I haven’t even gotten out the door yet and you can already see how this is different then living in most of the lower 48.  (I wonder though if the northern states and canada might not be used to this) Once I’m out of the door, it’s a 5 min or less walk to the galley (otherwise known as building 155) for a dorm like breakfast buffet.  During the summer we get fresh fruit once or twice a week, depending (bananas, apples, strawberries, etc.).  We always have a fruit or veggie available out of a can.  Sausage, eggs, hash browns, sometimes omelets or waffles are available.  Toast, grits, oatmeal, cereal are all available all of the time (as is peanut butter & honey/jam).  They say that we should be eating something like 6000-8000 calories down here (the norm in the states is 2500, or so the FDA says).  Frankly I think this depends on what you do, and how good your metabolism is.  If you’re a carpenter, on your feet and outside all day then you’ll need the calories, but an average person in the office isn’t going to need that and is just going to get fat.  Which not surprisingly is what happens.

The food down here isn’t horrible if your expecting extremely bland buffet food, as it’s not bland generally.  It’s great considering the number of people they have to feed, and what they have to work with.  They make some decent roasts, great sandwiches down here, and wonderful deserts.  On the other hand nearly every meal down here has chicken, so the joke is to ask "what are we having with our chicken today?" I hear that the South Pole is better (less people overall), and Scott Base is even better, but haven’t tried them yet.  Oh the one thing these guys seem to excel at is bread.  Summer means 700 loaves of fresh bread a day for 900-1100 people.  We have 5 bakers who do our pastries, bread, and everything else.  Not all their experiments work, (they just tried sourdough, and it wasn’t all that great) but there’s something about having fresh bread in the mist of this harsh continent that’s refreshing and reassuring.

Once you get your food, during the summer it’s called combat dining.  The galley is generally full and people are everywhere.  Your best chance at a calm meal is to come in early or late.  During the winter everything is calmer so I hear it placid and quiet around here.

Having survived with only minor wounds, we head off to work.  In McMurdo, work for most people who are not shift workers starts at 7:30am and ends at 5:30pm with two 15 minute breaks and one hour break for lunch generally at 11.  Shift workers like Dining assistance could start mid day and work till after midnight rations, or some people like Shuttle drivers work five 12 hour days.  I won’t bore you with the details of my work as it varies from person to person around the station.  I’m lucky enough to have a job that requires me to walk most of the time as well as occasionally get sent out to more remote places like the Ice Runway, or perhaps Black Island (our communications depot), or maybe even the south pole for a time.  With all the food that you can consume I find walking is an essential part of keeping a shape.

After work (or before for some) you can also improve your shape by drinking at one of the three local bars…oh wait that’s the wrong shape.  I meant to say that you can go to the gym and work out with weights, run on a treadmill, or just play basketball, doge ball, volleyball, or some such from about 7 to 9 or 10.  There’s also a board where the recreation department posts all the regular and special events that happen on station such as stitch-and-bitch, or climbing wall hours, or the 70s party.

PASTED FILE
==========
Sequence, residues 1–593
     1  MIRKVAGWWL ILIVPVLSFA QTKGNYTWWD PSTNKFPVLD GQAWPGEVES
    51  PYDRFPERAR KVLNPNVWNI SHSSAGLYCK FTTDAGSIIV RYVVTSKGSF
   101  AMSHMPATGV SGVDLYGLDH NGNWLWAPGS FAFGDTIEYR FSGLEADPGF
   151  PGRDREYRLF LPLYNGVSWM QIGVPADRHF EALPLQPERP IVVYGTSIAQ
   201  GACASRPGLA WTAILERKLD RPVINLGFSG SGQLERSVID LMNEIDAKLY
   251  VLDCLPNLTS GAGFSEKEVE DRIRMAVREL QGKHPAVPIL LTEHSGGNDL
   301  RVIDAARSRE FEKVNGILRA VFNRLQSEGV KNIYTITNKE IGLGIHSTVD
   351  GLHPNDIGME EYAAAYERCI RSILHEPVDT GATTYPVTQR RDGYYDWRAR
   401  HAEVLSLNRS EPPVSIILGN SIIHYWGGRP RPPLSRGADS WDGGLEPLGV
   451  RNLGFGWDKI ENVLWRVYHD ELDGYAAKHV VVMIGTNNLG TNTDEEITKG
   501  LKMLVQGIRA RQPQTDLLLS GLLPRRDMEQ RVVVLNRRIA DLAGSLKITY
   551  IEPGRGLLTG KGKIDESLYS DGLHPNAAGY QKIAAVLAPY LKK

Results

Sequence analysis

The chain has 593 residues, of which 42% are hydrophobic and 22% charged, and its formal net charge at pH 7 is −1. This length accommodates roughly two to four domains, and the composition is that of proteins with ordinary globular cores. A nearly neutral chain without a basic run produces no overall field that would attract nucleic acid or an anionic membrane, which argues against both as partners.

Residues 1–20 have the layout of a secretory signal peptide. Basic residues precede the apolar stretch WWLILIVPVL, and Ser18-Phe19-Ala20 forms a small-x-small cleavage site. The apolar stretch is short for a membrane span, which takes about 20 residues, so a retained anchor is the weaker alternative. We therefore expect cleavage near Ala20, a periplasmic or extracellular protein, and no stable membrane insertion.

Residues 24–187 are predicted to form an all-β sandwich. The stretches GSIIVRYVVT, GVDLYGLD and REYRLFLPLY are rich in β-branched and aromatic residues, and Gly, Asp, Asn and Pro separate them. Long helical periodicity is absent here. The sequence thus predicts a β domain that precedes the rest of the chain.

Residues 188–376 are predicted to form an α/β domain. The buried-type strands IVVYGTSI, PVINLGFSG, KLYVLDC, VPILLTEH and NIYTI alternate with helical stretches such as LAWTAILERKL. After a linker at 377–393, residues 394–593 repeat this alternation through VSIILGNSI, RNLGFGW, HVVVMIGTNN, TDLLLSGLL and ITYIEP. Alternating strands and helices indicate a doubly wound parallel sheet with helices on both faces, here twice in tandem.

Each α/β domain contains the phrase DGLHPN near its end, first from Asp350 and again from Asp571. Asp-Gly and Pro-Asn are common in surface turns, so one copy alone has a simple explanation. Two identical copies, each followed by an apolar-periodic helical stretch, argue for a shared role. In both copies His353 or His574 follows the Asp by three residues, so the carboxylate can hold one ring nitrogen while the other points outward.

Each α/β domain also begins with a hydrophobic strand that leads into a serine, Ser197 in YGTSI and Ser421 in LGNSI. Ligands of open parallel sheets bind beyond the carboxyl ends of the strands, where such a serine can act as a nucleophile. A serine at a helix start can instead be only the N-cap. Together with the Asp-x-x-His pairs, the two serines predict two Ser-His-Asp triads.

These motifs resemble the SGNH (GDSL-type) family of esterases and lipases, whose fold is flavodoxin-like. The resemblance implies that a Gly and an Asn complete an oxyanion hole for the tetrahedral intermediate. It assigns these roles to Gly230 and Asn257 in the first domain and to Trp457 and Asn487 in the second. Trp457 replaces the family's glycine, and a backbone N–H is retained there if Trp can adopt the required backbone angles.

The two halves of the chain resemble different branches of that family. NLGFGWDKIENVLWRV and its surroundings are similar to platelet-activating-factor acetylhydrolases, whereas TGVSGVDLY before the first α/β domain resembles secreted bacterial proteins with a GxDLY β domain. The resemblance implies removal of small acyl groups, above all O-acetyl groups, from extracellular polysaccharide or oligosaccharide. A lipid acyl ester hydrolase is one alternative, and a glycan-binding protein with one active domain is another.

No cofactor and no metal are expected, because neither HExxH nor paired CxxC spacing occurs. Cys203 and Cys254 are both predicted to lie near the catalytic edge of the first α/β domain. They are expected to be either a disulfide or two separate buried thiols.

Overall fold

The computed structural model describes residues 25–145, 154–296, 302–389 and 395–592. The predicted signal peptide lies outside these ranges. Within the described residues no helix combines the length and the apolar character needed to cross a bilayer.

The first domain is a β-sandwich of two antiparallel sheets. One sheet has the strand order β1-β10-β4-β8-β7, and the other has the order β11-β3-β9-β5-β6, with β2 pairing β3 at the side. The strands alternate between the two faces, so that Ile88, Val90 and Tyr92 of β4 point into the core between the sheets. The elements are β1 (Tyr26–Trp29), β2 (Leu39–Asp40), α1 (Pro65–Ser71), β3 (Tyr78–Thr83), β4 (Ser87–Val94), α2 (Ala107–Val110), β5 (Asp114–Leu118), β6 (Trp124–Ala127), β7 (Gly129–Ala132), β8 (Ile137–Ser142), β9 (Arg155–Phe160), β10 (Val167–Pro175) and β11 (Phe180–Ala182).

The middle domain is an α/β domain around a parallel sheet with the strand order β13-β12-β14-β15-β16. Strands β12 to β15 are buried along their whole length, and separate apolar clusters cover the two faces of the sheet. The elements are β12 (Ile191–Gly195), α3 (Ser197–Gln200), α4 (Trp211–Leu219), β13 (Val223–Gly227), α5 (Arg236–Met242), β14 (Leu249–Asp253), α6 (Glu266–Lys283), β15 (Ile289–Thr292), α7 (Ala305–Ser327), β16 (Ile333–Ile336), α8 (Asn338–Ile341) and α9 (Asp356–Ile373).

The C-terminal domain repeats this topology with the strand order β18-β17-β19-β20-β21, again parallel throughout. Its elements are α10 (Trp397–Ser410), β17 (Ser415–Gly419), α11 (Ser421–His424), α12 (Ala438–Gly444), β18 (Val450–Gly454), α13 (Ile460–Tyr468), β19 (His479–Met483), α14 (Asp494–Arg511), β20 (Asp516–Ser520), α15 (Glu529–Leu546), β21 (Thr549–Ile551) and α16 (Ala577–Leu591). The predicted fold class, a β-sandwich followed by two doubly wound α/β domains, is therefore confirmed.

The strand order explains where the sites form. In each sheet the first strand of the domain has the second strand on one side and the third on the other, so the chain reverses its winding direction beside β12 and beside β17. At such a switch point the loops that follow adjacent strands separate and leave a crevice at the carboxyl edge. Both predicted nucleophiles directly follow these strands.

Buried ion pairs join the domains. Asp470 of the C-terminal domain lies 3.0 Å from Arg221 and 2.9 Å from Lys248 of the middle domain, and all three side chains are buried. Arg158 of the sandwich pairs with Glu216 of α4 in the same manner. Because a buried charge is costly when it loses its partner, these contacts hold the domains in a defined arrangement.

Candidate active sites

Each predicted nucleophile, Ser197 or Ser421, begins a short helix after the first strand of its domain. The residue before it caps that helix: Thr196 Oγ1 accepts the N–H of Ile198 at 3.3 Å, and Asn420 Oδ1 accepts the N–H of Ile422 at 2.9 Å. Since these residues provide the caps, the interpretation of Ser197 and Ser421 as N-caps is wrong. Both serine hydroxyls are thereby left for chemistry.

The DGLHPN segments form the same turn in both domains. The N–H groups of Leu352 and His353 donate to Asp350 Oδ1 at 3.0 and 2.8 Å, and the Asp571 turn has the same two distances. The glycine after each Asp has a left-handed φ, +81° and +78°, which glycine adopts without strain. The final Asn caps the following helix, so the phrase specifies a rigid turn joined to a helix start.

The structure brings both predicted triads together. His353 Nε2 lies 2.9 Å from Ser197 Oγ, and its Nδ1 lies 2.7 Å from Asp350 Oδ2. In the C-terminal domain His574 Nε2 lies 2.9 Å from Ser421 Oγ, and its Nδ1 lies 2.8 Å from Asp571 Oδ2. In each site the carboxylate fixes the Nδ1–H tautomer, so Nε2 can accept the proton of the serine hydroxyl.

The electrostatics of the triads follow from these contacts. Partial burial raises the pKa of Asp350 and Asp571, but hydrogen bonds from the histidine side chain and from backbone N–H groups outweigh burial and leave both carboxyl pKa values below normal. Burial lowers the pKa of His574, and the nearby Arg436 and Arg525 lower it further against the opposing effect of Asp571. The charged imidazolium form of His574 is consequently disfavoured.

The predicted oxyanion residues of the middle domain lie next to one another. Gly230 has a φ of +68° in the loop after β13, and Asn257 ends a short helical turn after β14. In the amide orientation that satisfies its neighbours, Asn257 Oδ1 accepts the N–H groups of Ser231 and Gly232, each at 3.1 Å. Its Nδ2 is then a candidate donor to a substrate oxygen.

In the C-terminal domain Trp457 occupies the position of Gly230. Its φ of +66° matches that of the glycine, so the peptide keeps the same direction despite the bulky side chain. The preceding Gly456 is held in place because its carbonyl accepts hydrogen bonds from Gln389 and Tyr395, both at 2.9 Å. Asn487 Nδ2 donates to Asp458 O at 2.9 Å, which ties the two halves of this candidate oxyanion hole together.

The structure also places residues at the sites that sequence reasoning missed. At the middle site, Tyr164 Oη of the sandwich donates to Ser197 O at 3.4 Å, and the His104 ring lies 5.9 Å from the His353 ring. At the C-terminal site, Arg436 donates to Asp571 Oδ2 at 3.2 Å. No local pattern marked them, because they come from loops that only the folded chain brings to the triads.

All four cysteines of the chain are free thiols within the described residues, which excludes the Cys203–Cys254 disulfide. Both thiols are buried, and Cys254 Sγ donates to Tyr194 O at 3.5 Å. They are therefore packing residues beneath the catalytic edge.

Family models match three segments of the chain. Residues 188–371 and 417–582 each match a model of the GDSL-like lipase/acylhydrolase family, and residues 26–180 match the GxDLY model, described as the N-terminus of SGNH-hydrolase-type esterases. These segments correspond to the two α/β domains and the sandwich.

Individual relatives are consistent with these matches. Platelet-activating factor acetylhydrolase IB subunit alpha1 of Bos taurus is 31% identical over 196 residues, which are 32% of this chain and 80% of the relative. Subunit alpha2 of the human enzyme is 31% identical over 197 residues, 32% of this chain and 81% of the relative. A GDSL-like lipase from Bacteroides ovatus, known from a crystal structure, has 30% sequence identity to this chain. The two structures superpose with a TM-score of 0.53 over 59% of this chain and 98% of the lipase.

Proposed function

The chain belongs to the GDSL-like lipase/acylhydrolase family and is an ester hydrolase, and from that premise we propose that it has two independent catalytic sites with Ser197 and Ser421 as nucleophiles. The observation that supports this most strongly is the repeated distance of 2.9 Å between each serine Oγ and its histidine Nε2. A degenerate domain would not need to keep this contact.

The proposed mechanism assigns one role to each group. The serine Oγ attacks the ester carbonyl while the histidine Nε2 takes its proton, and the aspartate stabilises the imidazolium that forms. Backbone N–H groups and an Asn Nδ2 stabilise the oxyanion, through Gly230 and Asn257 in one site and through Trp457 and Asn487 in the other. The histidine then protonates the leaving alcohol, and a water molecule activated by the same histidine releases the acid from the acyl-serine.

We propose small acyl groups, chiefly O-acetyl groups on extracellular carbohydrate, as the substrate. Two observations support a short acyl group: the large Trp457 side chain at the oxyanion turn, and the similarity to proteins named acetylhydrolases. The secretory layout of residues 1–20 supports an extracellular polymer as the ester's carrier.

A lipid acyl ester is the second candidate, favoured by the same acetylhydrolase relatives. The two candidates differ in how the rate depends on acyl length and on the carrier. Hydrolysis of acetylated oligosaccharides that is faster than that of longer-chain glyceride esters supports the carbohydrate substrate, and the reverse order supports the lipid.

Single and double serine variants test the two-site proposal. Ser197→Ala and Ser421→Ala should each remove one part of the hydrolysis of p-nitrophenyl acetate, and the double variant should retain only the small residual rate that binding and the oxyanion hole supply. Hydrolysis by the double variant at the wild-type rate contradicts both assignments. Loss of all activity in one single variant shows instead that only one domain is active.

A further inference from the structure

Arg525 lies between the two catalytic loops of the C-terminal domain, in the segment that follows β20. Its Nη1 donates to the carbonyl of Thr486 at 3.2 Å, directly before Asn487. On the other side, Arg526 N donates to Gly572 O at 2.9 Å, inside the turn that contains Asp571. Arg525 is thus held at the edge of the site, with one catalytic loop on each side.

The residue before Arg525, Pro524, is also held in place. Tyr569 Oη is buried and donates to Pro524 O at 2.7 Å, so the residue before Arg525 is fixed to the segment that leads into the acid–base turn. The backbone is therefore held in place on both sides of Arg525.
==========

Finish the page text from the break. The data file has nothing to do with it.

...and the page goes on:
Let me give you an overview of the various common hang outs.  There’s no order to this, as so far as I can tell everyone has their own opinion.  The Coffee House is really sort of a wine bar, meeting house, and what suffices as a movie theater as well as being the coffee house.  (No Starbucks here, haha!)  Of course the advantage to this place is that they serve several alcohols like Baileys or Schnapps as a shot for your coffee or cocoa.  This is also where many of the board games are as well as a few ports and computers for internet browsing.

Southern Exposure, aka Southern, is the smoking bar on base.  (I’ll digress about smoking here in a minute.) It has a pool table, and a poker table, as well as the best stocked bar on base.  Not many of the parties are held here, but it’s fairly popular.

Last of them on base is Gallagher’s, which is the non-smoking bar.  It also houses the burger bar (right now Wednesdays and Fridays), most of the parties (like the 70’s Party we just had), and events like bingo and karaoke.  It also has a pool table, as well as a shuffle board.  It’s bigger then Southern by a bit so it’s slightly more useful as a party place.  I’ve heard comments about Gallagher’s that it lacks the real "bar" atmosphere.  To me it’s not about the place as much as it’s about the distraction.

There’s one more worth noting which is the bar at Scott Base.  First of all let me mention that Scott base is a mile and a half away from McMurdo on the other side of Observation Hill.  Scott base is the New Zealand base for Antarctica and as a random note it’s almost entirely green outside.  Much like the South pole (although the pole has other challenge that it was built to overcome) all of the base can be reached from the inside.  It’s effectively one big building.  One of the rooms in this building is a galley/bar room.  The bar has a separator in it and is carpeted.  As compared to the McMurdo Bars, Scott base is luxury (especially right now).  They actually have couches and atmosphere that’s comfy with a view as well as a pool table and dart board.  More then that right now, they are the only one’s who have a decent selection of alcohol.  Because of the alcohol shortage here at McMurdo, good alcohol is coveted.

Let me digress a little and talk about smoking.  There’s only three places on base that you can smoke and a lounge on the second floor of 209, 155 1st floor smokers lounge, and Southern (as mentioned).  People do smoke here, and they sell cartons of cigarettes at the base store.  I have to admit that with how cold it is here and how hard it must be to stand outside and smoke when you can’t get to one of those three spots.  It’s rather strange that people continue to smoke when they come down here.  Especially with the McMurdo "Crud" (equivalent to the flu or a cold) going around constantly.